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Putting the homebuyer credit to rest

It's really happening. The first-time homebuyer credit is on its final hours.  

After today, the $8,000 tax break for folks who are buying their first home (as defined by the IRS) and $6,500 credit for those who owned a place for five consecutive years and decided to buy another one is erased from the tax code.

If you were able to take advantage of this tax break by getting in under the April 30 wire, you still have until June 30 to close on your home.

And all home purchasers who claim the credit will eventually have some filing specifics to attend to.

When to  claim it: First, even if you bought your credit-qualifying home this year, you can opt to claim it on your 2009 taxes instead of your 2010 return.

If you filed for an extension last month, that gives you until Oct. 15 to complete you 2009 taxes and take the credit.

Or if you bought a house after you filed your 2009 taxes, you can amend them to take the credit.

But if you'll save more on taxes by claiming the credit next year on your 2010 taxes, then you're definitely allowed to wait and do that.

Proving your tax credit worthiness: Regardless of when you claim the credit, you'll have to fill out Form 5405.

Thirtysomethng Man Carrying Boxes into a House
And you'll have to prove to the IRS that you and your property are eligible.

This requirement was added as part of the extension of the homebuyer credit in the February 2009 stimulus bill. The verification issues came up because some people who didn't qualify were getting nice chunks of change from Uncle Sam anyway.

So be sure to hang onto or dig out your settlement sheet, showing all home sale/purchase parties' names and signatures, property address, sales price and date of purchase. It's the documentation preferred by  the IRS when it examines credit claims, so send a copy of that HUD-1 sheet along with your 5405 and 1040 when you file.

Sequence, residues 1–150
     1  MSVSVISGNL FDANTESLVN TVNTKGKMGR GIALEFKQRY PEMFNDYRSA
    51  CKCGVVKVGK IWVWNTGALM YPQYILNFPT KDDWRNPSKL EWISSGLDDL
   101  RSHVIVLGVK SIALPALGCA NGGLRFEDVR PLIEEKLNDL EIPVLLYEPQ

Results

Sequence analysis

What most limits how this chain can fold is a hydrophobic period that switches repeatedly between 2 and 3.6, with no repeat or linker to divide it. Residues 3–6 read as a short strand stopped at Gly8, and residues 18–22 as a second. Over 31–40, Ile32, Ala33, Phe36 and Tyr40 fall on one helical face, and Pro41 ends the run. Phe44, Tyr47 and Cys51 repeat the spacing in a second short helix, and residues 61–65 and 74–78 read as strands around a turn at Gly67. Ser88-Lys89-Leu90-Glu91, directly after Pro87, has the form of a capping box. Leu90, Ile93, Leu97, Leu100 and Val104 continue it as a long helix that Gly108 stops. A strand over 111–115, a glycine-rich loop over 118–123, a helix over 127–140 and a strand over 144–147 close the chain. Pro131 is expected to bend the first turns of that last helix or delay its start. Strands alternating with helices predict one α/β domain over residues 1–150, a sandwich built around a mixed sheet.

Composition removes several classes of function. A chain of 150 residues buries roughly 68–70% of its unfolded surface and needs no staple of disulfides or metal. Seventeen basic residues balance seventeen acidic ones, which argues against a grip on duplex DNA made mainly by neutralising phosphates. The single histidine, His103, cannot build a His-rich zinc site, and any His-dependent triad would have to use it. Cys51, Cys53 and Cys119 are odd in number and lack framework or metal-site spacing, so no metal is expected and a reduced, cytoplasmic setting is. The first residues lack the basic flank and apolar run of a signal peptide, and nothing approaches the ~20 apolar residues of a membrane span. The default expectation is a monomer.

If you bought a mobile home and didn't get a settlement statement, the IRS will take a copy of the executed retail sales contract showing all parties' names and signatures, property  address, purchase price and date of purchase.

And if you had your home built and there's no settlement statement available, the IRS would like a copy of the certificate of occupancy showing the owner's name, property address and date of the certificate.

Repeat buyer requirements: Don't feel like the IRS is picking on you because you're a first-time buyer. The agency also wants proof that repeat buyers qualify for their $6,500 tax break.

To claim this amount, you must have lived in a home as your principal residence for five straight years during an eight-year period ending on the day you bought your new home. And no, it doesn't necessarily have to be the last house you lived in before buying the one that's eligible for the credit.

Say you owned and lived in a home from May 1, 2004, through May 1, 2009. That's five straight years. 

Then you sold that house and rented an apartment while you explored real estate options.

You finally found your dream home and bought it on Feb. 1, 2010.

Since you owned and lived in a home for five consecutive years (2004 to 2009) in the eight years from Feb. 1,  2002, to Feb. 1, 2010, you're eligible for the move-up buyer credit.

You can show you spent the requisite time in the previous house by sending along with your credit claim documentation from that five-year home-owning period. This could be:

  • Form 1098, Mortgage Interest Statement, or substitute mortgage interest statements,
  • Property tax records or 
  • Homeowner's insurance records.

Paper only, please: Also remember that because of the documentation requirements, you must file your tax return the old-fashioned way, that is, by mailing in paper forms and attachments.

The reason for the retro filing is because the IRS isn't equipped to accept scanned verification material.

But that's probably not a bad thing, given how creative some people can be with Photoshop!

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Tom Scanlon, CPA, CFP®


Good post.

The first time (sort of) first time homebuyers’ credit got the most publicity for assisting the housing market. Now it’s gone.

What also helped the housing market was the government buying up mortgage bonds. This is also over.

The last of the big three to support housing is low interest rates. This is still in play, for now.

It will be interesting to see what direction the housing market heads when two of the three main support mechanisms have been removed.


Tom Scanlon, CPA, CFP®

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